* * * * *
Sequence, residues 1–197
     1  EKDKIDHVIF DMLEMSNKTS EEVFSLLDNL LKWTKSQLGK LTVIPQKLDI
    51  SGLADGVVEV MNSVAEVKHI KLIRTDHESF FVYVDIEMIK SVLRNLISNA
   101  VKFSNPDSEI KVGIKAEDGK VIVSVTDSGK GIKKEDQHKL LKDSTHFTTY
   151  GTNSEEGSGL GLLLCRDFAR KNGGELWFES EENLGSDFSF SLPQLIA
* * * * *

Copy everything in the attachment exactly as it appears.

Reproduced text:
Sequence, residues 1–197
     1  EKDKIDHVIF DMLEMSNKTS EEVFSLLDNL LKWTKSQLGK LTVIPQKLDI
    51  SGLADGVVEV MNSVAEVKHI KLIRTDHESF FVYVDIEMIK SVLRNLISNA
   101  VKFSNPDSEI KVGIKAEDGK VIVSVTDSGK GIKKEDQHKL LKDSTHFTTY
   151  GTNSEEGSGL GLLLCRDFAR KNGGELWFES EENLGSDFSF SLPQLIA